But you don’t have to take my word for it.
The co-author of the Spotify model2 and multiple agile coaches who worked at Spotify have been telling people to not copy it for years. Unfortunately, truth doesn’t spread as quickly or as widely as an idea people want to believe in.
“Even at the time we wrote it, we weren’t doing it. It was part ambition, part approximation. People have really struggled to copy something that didn’t really exist.” Joakim Sundén, agile coach at Spotify 2011–2017
“It worries me when people look at what we do and think it’s a framework they can just copy and implement. … We are really trying hard now to emphasize we have problems as well. It’s not all ‘shiny and everything works well and all our squads are super amazing’.” Anders Ivarsson, co-author of the 'Spotify Whitepaper'
Of all the allures of startup culture, few are more desirable than the speed and nimbleness of a small team. Maintaining that feeling as a company grows is a challenge. In 2012, Spotify shared its way of working and suggested it had figured it out.
I was excited to see the Spotify model in action when I interviewed for a product management role at its Stockholm headquarters in 2017. However, the recruiter surprised me before the first interview. She cautioned me to not expect Spotify to be an Agile utopia.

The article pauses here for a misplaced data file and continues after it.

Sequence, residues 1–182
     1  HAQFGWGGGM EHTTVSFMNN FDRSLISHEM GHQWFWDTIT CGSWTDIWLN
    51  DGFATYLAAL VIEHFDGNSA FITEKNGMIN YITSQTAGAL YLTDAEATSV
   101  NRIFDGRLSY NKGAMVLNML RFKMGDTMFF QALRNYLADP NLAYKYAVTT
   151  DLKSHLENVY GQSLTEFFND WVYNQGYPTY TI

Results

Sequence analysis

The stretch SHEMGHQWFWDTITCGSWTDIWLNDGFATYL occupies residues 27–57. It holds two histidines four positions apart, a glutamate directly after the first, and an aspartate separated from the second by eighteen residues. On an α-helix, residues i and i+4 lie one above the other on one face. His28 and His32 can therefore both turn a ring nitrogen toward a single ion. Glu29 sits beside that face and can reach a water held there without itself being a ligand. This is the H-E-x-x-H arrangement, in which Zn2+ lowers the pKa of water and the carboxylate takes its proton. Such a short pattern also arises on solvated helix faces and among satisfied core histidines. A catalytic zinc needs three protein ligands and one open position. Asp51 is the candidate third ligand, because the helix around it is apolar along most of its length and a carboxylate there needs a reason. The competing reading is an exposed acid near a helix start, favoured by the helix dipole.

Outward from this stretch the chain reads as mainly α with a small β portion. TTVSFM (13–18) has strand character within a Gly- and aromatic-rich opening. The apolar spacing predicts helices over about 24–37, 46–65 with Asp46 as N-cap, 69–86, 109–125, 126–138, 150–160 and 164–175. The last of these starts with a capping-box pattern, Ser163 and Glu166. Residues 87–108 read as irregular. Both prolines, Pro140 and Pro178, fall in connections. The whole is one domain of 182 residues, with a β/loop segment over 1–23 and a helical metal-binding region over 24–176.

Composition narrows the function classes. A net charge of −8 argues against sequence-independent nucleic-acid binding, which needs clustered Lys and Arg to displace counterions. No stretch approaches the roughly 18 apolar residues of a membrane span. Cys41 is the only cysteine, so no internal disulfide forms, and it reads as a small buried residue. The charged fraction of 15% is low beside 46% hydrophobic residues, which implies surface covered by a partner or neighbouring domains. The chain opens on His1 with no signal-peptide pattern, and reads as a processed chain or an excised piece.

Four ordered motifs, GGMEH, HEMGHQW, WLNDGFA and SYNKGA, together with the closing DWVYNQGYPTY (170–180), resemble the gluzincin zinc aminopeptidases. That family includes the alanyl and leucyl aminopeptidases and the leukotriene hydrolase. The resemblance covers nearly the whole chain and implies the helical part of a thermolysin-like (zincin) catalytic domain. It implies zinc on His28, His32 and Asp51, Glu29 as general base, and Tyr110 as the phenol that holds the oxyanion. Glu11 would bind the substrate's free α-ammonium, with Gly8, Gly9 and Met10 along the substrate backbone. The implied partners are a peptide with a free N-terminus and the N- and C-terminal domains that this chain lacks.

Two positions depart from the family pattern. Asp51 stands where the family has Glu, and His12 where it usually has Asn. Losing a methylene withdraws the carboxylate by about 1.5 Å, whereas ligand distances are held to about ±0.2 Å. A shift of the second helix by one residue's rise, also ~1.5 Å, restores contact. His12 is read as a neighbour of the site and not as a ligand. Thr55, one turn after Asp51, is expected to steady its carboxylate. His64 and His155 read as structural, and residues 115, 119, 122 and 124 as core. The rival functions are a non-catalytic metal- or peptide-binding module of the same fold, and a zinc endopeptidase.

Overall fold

I joined the company after it had tripled in size to 3,000 people over 18 months. I learned the famed squad model was only ever aspirational and never fully implemented. I witnessed organizational chaos as the company’s leaders incrementally transitioned to more traditional management structures.
When I asked my coworkers why the content was not removed or updated to reflect reality, I never got a good answer. Many people ironically thought the posts were great for recruiting. I no longer work at Spotify, so I am sharing my experience to set the record straight. The Spotify squad model failed Spotify and it will fail your company too.
Spotify had teams it called squads because it sounded cooler (not joking). A group of teams were organized into a department called a tribe. Each team was intended to be an autonomous mini-startup, with a product manager acting as mini-CEO for a feature area. The teams had designers and software engineers with a range of specializations. The intent was that a team should have every skill necessary without needing to rely on another team for success.
Product managers had a traditional management structure. A product manager for a team reported to their department’s product director (“tribe lead”). Same for designers. Software engineers, however, were managed outside of the team structure.
“Chapter leads” managed software engineers specializing in a specific type of software development across the department. For example, all of the software engineers working on backend APIs across all the teams within the department would have one manager and all of the Android mobile engineers in the department would have a different manager. The intent was to allow engineers to be moved between teams within the department to best meet business requirements without them having to change managers.